Narrow and symmetric emission spectrum, continuous excitation spectrum, high quantum yields and resistance to photobleaching are outstanding advantages semiconductor nanoparticles exhibit ideally compared to conventional fluorescent dyes. However, it is still a challenge to replace existing organic fluorophores and develop a tool for imaging and site-specific drug delivery. In this presentation, we demonstrate the chemistry and spectroscopy of homogeneously alloyed nanocrystals and nanocrystal-doped protein microspheres, emitting the IR and near-infra red as tools for bio-imaging, and drug delivery, respectively. In addition, nanoparticles are studied as energy donors to photosensitizer phthalocyanine dyes, which have proven potential for photodynamic therapy.
Having been hibernated for almost 50 years, research in thermoelectric materials is beginning to regain activity because of the recent advances in nanoscience and nanotechnology. Thermoelectric is an old topic, which was discovered as early as 1821 by Thomas Johann Seebeck. During the following 120 years, great advances in both the theories and experiments were achieved. Since the 1950s, studies in thermoelectric have developed very little, because of the painful difficulties in elevating the efficiency of these kinds of materials. The efficiency of thermoelectric materials is determined by a dimensionless parameter--figure of merit (ZT), given by ZT = S2σT/κ where T is the temperature, S is the thermoelectric power (or Seebeck coefficient), σ is the electrical conductivity, and κ is the thermal conductivity. The best commercially available thermoelectric materials nowadays have a ZT around 1.0, which can be only used in some special cases. To be competitive to the kitchen refrigerators or air-conditioners, a ZT ⩾ 3 at room temperature is required. Recently, some exciting results indicated that higher ZT values can be realized by nanoengineering of these materials. Both theoretical calculations and experimental modulations have shown the promising potentials in the elevation of the efficiency of thermoelectric materials.
Photodynamic therapy (PDT) is an emerging therapy for cancer treatment that shows the greater selectivity towards the malignant cells. Semiconductor nanoparticles are a novel class of photosensitizers with properties that are not easily available with conventional PDT reagents. Their potential properties such as improved luminescence, resistance to photobleaching, and the possibility to modify the surface chemically make them suitable candidates for PDT. In this report, we discuss the synthesis of ternary CdSe1-x Tex nanoparticles along with well known CdSe QDs and their potential in generating the singlet oxygen state by Foerster Resonance Energy Transfer (FRET) to a PDT reagent or by direct triplet-triplet energy transfer to molecular oxygen.
The relaxation dynamics of Cu2O and Cu1.8S quantum dots (QDs) are compared via time-resolved femtosecond pump probe experiments. It is found that Cu2O shows extremely long-lived excited states on the microsecond time scale and Cu1.8S exhibits much shorter lifetimes in the picosecond time regime. While copper sulfide systems are described in the literature as p-type direct band gap materials, the Cu2O system is direct band gap, however it has a forbidden lowest-energy state. These differences are expressed in the different lifetimes displayed in the time-resolved femtosecond and nanosecond measurements. Moreover, it is confirmed by photoluminescence spectroscopy that reveals that only the Cu1.8S QDs show efficient PL and the Cu2O QDs do not luminescence. In all of the systems, carrier trapping is probably the lifetime limiting process for the conduction band edge depopulation.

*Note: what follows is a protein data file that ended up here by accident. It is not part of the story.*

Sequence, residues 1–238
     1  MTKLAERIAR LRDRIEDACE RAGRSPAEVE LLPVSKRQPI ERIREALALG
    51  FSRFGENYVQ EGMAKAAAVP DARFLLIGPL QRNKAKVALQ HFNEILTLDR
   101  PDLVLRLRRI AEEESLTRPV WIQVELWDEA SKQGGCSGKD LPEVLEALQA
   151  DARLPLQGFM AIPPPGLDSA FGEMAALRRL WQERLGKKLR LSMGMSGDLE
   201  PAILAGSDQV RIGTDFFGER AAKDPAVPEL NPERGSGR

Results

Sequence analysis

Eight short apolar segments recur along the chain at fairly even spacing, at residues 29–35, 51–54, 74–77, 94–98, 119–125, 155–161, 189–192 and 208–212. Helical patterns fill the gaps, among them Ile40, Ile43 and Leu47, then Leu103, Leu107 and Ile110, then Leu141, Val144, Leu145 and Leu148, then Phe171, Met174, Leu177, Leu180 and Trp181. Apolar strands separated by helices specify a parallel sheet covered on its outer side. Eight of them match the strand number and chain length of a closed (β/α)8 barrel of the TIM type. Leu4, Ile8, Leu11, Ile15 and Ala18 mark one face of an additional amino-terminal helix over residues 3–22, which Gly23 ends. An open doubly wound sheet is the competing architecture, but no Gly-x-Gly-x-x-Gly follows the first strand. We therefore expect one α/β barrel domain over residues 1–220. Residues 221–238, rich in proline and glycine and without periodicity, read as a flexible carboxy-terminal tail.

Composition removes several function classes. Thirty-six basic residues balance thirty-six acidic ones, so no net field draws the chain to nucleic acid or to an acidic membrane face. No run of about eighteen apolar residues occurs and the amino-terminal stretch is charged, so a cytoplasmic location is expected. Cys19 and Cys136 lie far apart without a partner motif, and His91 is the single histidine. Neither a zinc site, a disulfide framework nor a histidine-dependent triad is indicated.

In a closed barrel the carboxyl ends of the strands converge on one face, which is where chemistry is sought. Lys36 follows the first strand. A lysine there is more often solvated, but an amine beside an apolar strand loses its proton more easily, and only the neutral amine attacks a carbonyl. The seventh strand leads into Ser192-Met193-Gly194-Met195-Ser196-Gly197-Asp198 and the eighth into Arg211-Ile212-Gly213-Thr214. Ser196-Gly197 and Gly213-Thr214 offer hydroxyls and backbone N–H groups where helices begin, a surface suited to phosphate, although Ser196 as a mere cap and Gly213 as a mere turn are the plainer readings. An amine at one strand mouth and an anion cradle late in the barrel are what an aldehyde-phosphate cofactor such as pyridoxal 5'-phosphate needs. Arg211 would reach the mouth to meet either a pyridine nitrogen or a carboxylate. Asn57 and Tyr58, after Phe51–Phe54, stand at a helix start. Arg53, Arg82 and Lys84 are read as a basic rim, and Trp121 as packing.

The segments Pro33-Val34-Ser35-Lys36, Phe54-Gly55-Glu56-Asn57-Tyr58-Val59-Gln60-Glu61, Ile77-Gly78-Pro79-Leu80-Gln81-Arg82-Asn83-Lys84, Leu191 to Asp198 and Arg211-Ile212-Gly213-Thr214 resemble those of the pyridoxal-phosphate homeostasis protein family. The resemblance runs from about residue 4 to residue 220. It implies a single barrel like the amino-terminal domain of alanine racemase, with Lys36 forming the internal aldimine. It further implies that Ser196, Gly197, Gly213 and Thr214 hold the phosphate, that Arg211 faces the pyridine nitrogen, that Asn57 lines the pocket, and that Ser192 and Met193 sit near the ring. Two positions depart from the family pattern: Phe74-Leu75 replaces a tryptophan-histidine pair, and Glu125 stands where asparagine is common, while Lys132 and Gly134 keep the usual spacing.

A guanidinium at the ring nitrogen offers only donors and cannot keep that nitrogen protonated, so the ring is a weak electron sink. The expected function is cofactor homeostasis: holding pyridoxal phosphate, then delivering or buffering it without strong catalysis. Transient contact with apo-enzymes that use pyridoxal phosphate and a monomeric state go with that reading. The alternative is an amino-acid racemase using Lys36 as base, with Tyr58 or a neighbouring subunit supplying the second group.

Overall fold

Cardiolipin is a unique phospholipid containing two phosphatidyl glycerol moieties and four fatty acids per molecule. It
is found exclusively in the mitochondrial inner membrane and at the contact sites between the inner and outer
membranes. The acridine derivative, nonyl-acridine orange (NAO), is a highly specific probe of cardiolipin, with a
binding affinity approximately two orders of magnitude greater than that for binding to other anionic phospholipids. We
recently reported that when NAO is bound in the mitochondria of human prostate cancer PC-3 cells and activated at 488
nm, NAO could transfer fluorescence resonance energy to the phthalocyanine photosensitizer Pc 4. This observation
indicates that one site of Pc 4 binding is very near to NAO and therefore very near to cardiolipin. The average distance
between the two fluorophores was calculated to be 7 nm. In the present study, we have extended the observation to the
endogenously synthesized photosensitizer, protoporphyrin IX, an intermediate in heme biosynthesis that is used for
photodynamic therapy of several types of malignant and non-malignant conditions. Protoporphyrin IX is generated in
the mitochondria but is known to bind to other cellular sites as well, especially the endoplasmic reticulum. The ability of
this molecule to accept resonance energy from NAO in cells is consistent with a localization of at least some of the
molecules in the mitochondria either on the inner membrane, the site of cardiolipin, or within about 10 nm of it. Since
protoporphyrin IX binds with high affinity to the peripheral benzodiazepine receptor, a component of the permeability
transition pore complex that forms at contact sites between the inner and outer membranes, our observations provide
evidence for the close association of several critical molecules for mitochondrial functions and suggest that cardiolipin
may be an early oxidative target during PDT with at least two photosensitizers.